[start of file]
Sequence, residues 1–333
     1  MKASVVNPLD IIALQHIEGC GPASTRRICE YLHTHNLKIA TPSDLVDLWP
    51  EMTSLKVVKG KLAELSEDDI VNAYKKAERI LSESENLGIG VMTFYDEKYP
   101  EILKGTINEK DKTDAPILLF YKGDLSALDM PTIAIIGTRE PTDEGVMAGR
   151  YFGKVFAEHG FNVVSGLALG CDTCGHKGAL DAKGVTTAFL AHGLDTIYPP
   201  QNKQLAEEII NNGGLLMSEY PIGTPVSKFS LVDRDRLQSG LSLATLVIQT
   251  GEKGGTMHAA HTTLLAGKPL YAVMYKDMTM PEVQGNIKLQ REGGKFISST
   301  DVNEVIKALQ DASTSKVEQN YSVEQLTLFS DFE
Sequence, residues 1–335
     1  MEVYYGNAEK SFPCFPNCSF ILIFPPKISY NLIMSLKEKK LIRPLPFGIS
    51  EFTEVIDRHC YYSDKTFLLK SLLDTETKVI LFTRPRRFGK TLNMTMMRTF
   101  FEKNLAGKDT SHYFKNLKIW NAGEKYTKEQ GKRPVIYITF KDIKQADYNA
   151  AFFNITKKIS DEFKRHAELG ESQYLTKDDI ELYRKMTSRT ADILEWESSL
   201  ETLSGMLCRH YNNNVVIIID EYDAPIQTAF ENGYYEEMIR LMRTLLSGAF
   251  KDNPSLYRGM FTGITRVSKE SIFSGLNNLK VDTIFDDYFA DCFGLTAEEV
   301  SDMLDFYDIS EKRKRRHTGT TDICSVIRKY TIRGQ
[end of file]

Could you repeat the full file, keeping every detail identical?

Sequence, residues 1–333
     1  MKASVVNPLD IIALQHIEGC GPASTRRICE YLHTHNLKIA TPSDLVDLWP
    51  EMTSLKVVKG KLAELSEDDI VNAYKKAERI LSESENLGIG VMTFYDEKYP
   101  EILKGTINEK DKTDAPILLF YKGDLSALDM PTIAIIGTRE PTDEGVMAGR
   151  YFGKVFAEHG FNVVSGLALG CDTCGHKGAL DAKGVTTAFL AHGLDTIYPP
   201  QNKQLAEEII NNGGLLMSEY PIGTPVSKFS LVDRDRLQSG LSLATLVIQT
   251  GEKGGTMHAA HTTLLAGKPL YAVMYKDMTM PEVQGNIKLQ REGGKFISST
   301  DVNEVIKALQ DASTSKVEQN YSVEQLTLFS DFE
Sequence, residues 1–335
     1  MEVYYGNAEK SFPCFPNCSF ILIFPPKISY NLIMSLKEKK LIRPLPFGIS
    51  EFTEVIDRHC YYSDKTFLLK SLLDTETKVI LFTRPRRFGK TLNMTMMRTF
   101  FEKNLAGKDT SHYFKNLKIW NAGEKYTKEQ GKRPVIYITF KDIKQADYNA
   151  AFFNITKKIS DEFKRHAELG ESQYLTKDDI ELYRKMTSRT ADILEWESSL
   201  ETLSGMLCRH YNNNVVIIID EYDAPIQTAF ENGYYEEMIR LMRTLLSGAF
   251  KDNPSLYRGM FTGITRVSKE SIFSGLNNLK VDTIFDDYFA DCFGLTAEEV
   301  SDMLDFYDIS EKRKRRHTGT TDICSVIRKY TIRGQ